Peter Bowes tries the Aguru Dome, which captures the human form in detail
By Peter Bowes
BBC News, Los Angeles
Hollywood is on the verge of breaking into an entirely new virtual world.
Scientists have developed systems to make digital doubles of actors which are so realistic that audiences will never notice the difference.
Computer-generated visual effects have long since been used by film-makers to create space ships and monsters.
But the latest technology allows them to create models of real people that can be seamlessly morphed into action scenes featuring human actors.
"We're just at the cusp of being able to create the actors, the heroes and the stars of the film, using computer graphics as well," says Dr Paul E Debevec, a graphics researcher at the University of Southern California.
'Compelling and convincing'
The process of creating a digital double starts with the actor subject, posing for an extremely high-tech photograph. The Aguru Dome, a futuristic-looking photo booth, has been developed to scan a person's face in extraordinary detail.
"It's the world's highest resolution face capture system," says Paul Carroll, an engineer with Aguru Images.
Transforming a photo into a 3D model
"It captures not only the shape of your face but the way light interacts with your face from every angle."
The actor's head locked in place, lights flashing from 546 directions and 93 computers operating, the device produces one of the most accurate images of any camera system in the world.
The data is then used on a computer to manipulate the image. Once animated, film-makers can create action sequences featuring the actor, which never actually happened.
"They are completely compelling and convincing," says Mr Carroll.
For now, the technology is not designed to replace human performers entirely. It will be used when film-makers need to re-shoot scenes when the actor is no longer available.
The star of the movie may have moved on to another project or changed their physical appearance for a new role.
The scientists also believe they have developed a way to mimic that special human faculty to express emotion.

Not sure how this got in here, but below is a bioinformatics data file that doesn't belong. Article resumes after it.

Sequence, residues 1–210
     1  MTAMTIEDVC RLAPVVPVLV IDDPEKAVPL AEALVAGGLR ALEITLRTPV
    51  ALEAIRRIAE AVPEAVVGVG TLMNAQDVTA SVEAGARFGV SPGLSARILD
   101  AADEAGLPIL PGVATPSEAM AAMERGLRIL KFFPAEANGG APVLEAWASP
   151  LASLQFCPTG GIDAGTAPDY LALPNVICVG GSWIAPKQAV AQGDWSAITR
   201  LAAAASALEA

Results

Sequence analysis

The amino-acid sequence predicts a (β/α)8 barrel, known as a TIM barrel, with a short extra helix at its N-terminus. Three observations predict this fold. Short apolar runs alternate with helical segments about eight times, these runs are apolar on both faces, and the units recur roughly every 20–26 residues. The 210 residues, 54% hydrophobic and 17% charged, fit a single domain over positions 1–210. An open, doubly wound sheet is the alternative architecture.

"We have the ability right now to bring the emotions off of a performance that somebody just does on video," says Dr Debevec.
"If necessary a very good animator can actually move the mouth and eyes around to give a great performance as well.
"They are effectively the puppeteer of one of these photo reel digital actors."
The Aguru Dome has just gone on the market and will be delivered to the first customers next month. Some Hollywood studios have already tried out the technology although no movies have yet been released featuring the device's digital doubles.
In the next couple of years we'll see it really work and we're all going to be pretty amazed by it
Graphics researcher Dr Paul E Debevec
"This combination of technologies is just at the brink where in the next couple of years we'll see it really work and we're all going to be pretty amazed by it," says Dr Debevec.
Film-makers are also using motion capture technology to make a relatively cheap rough cut of a movie. Digital versions of unknown actors are created so they can shoot a full-length 'pilot'.
"You go through the entire script with digital props and car crashes with digital robots, says Tracy McSheery, an engineer with PhaseSpace, a company that specialises in motion capture systems.
"You can show it to test audiences and vet the entire production to make sure that it's exactly what you want before you spend the million of dollars and months of time and then find out it didn't quite have the look or feel that you were hoping for."
But will the technology ever become so sophisticated that it puts Hollywood stars out of a job?
Mickey Mouse was an early artificial creation who became a star
"There's totally the possibility that you can create something that never existed, that becomes a popular star of motion picture," says Dr Debevec.
"This has been done with Mickey Mouse, to begin with, and Bugs Bunny and all of these animated characters. The only change now is that they'll be able to look like real people instead of cartoon characters."
But cynics argue that digital characters could never replicate the on-screen nuances of a skilled method actor.
"The best, most powerful and most easily-programmed computer in the world is the one between our ears," agrees Mr Carroll.
"For a while yet, the cheapest way to make movies will be for real people to follow the directions of the director. Sure, CGI effects are cool and will advance a lot as the years pass, but actors will be with us a long while yet."
A report by Peter Bowes on Hollywood's digital doubles can be seen on E24, broadcast on the BBC News channel on Saturday 23 August at 1045 BST and Sunday 24 August at 1745 BST.